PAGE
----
As you divide regular geometric forms and you move away from symmetry you begin to achieve a nature like complexity, a complexity that can be stabilised formally by reintroducing bi-lateral symmetry.  

Two symmetrical rotations of 'time' section above

A complex made of four quadrilaterals subdivided twice.

Our lungs obey a similar principle, and the reason I've become more interested in these things is that I've been thinking more about how to envisage the things we don't normally see, such as the insides of our bodies. 

Grotesque columns based on Doric forms

Hansmeyer applies these types of rules to create variations on regular patterns. In the case of his columns above, an abstracted doric column was used as the input data to the subdivision processes.  The ornamentation is developed by controlled subdivision put together as a continuous flow. The complexity of each column is a result of changing focus on different aspects of the data input. For instance one section might be a response to the dimensions of the indentations that surround the capital, and the adjoining section could be a response to the change from a circular cross section to a square one. 

A Doric Column capital

Once the flow of change has been established, drawings are made of each move and these are then used to drive a laser cutter.

Cutting and building a column out of cardboard sheets.

I have mentioned Michael Hansmeyer's work before, but have been returning to it, to think about its generative processes of arrival and how my own process of making variations of form relates to it. Generative mathematical form does seem to be a powerful tool and has a deep connection with the way many forms in nature are generated with slight variations, such as human beings. In order to see if there was an entry point for someone as mathematically challenged as myself I have done a little research and it would seem that 'Grasshopper' is the best software to begin with. It requires no knowledge of programming or scripting, and it can help you as an artist beginning to look at this area to build your own form generators.  So if you are interested in this area, don't be put off by its apparent complexity, like most complex things, it is built from simple units. You do however need to understand what a Rhino environment is. Rhino 3D is a free form surface modeller that uses a modelling by curves technique or NURBS (Which I did look at a little while ago) The fact that it is still free to download does mean you can make a start on this without having to buy expensive software.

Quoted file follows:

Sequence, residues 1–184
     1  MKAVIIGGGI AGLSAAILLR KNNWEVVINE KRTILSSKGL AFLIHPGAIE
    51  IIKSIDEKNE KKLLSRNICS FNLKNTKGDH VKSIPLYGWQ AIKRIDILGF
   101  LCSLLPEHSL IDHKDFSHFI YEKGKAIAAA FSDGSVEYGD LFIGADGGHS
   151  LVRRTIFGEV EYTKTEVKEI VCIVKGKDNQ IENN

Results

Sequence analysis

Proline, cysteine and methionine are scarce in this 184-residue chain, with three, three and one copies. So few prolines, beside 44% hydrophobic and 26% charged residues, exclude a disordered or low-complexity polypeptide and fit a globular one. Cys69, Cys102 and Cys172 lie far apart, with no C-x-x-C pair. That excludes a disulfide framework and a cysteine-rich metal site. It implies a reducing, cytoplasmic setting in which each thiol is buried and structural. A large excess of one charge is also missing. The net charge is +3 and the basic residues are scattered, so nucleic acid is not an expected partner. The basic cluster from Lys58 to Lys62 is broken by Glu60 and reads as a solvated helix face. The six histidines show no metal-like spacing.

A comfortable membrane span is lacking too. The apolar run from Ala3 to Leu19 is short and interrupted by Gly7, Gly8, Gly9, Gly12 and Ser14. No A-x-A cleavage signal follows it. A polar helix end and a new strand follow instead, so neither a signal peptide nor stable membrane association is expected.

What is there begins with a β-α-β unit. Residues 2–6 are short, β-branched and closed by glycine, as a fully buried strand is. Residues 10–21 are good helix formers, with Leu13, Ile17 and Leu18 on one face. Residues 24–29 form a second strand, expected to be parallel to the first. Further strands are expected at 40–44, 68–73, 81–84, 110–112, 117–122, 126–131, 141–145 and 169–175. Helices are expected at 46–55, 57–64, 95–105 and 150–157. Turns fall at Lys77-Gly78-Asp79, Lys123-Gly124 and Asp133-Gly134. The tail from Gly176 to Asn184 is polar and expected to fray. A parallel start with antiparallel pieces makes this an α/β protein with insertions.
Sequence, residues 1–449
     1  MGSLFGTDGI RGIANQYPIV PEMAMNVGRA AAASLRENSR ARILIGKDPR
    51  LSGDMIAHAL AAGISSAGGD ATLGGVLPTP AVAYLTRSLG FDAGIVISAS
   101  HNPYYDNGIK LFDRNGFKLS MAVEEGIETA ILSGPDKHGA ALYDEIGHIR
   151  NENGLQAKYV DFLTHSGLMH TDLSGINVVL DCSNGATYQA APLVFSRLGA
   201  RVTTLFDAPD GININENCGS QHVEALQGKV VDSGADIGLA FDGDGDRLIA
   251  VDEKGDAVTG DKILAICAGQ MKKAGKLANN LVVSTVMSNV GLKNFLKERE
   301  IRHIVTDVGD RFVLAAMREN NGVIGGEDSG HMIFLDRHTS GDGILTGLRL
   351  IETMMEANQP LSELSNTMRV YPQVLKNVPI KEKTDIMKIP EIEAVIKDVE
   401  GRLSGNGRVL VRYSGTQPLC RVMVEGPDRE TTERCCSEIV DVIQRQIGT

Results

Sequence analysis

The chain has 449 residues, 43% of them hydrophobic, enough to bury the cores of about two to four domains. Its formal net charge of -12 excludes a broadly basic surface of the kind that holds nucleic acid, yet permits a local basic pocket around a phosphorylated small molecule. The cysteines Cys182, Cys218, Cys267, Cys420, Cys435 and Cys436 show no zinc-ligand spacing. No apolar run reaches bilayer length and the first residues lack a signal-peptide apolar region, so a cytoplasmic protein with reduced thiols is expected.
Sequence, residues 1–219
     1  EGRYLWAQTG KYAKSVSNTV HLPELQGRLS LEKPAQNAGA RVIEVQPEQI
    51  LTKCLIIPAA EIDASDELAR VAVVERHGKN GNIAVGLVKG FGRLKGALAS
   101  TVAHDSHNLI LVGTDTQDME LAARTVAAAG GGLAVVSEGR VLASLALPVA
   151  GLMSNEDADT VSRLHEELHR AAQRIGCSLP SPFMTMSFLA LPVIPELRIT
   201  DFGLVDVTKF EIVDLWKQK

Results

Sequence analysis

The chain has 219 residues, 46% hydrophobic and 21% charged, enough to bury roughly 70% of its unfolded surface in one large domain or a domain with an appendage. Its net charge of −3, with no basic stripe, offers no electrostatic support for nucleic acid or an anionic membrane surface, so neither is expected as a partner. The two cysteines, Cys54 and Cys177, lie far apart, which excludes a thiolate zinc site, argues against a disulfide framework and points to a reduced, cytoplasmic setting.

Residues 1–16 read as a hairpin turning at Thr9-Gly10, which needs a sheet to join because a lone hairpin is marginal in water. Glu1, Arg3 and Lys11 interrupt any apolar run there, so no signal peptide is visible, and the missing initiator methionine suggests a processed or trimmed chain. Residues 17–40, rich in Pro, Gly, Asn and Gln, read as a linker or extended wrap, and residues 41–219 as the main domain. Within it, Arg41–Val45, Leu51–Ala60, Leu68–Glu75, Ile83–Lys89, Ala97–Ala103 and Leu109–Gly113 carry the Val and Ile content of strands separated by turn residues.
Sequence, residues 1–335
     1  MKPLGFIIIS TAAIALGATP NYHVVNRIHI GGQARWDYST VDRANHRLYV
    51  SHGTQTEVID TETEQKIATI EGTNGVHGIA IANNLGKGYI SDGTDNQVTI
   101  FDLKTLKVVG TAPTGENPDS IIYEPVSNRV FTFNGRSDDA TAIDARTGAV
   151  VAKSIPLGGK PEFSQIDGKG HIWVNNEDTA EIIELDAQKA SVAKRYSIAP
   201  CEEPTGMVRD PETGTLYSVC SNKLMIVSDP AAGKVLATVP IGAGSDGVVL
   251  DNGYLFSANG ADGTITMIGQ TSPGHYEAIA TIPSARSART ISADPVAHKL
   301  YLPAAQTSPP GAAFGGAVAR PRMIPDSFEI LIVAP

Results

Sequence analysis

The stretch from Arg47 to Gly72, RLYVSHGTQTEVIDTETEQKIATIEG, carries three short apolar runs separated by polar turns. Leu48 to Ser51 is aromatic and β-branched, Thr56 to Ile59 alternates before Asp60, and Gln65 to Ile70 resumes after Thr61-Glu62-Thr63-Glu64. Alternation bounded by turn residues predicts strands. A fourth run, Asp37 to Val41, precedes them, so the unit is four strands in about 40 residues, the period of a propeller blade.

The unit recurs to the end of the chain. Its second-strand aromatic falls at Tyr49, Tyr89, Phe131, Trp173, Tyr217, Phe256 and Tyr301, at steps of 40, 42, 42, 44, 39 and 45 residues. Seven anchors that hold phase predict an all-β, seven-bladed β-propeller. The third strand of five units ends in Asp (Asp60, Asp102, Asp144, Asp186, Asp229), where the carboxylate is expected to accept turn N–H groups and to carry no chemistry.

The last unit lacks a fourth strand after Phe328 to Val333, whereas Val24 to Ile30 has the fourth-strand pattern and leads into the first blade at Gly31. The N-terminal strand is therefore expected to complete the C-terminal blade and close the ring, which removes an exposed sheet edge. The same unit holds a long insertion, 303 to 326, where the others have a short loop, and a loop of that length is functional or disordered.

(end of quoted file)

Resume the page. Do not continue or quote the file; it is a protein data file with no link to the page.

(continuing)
More recently Hansmeyer has been using these design principles to create set designs for opera. His grotto for Mozart's Magic Flute, being a particularly successful transfer of his more sculptural ideas into operatic stage design. Not long ago I put up a post on artists, such as David Hockney, using their skills to create grand dramatic and expressionist spaces, in this case a sculptural principle now becomes a shaper of environments and it also further illustrates a point that I have been making more and more recently. Visual thinkers can move between being seen as artists, biologists, architects, or stage designers, because essentially they are problem solvers. Fine art students are just as capable of solving visual problems as students from any other discipline, with the added bonus that as an artist the problems that you set for yourself are just that, self set problems, arriving out of issues and interests that you are fascinated by. 

Michael Hansmeyer's set for the Magic Flute

This work is a form of digital morphogenesis, a type of generative art in which complex shape development is enabled by computation. Perhaps the most interesting issue is though that you can find the same formal principles of shape morphogenesis in biology, geology and geomorphology, which for myself raises an issue about the divide between organic and inorganic matter. The more that I am drawn to animism as a way of acknowledging the rest of the world that isn't me, the more I see similarities between the way matter morphs into form and the way life forms are shaped, it is perhaps more an issue of one taking longer than the other to become what it becomes. I am making a series of drawings that are meant to sit visually in that space between the organic and the inorganic, that are images of inner body sensations, feelings and awarenesses and I am thinking about how to explore their formal possibilities further, which is also why I'm personally becoming interested in shape morphogenesis.

On becoming aware of loss

The smell of fear

See also





https://www.grasshopper3d.com/ Begin here if you want to learn how to do this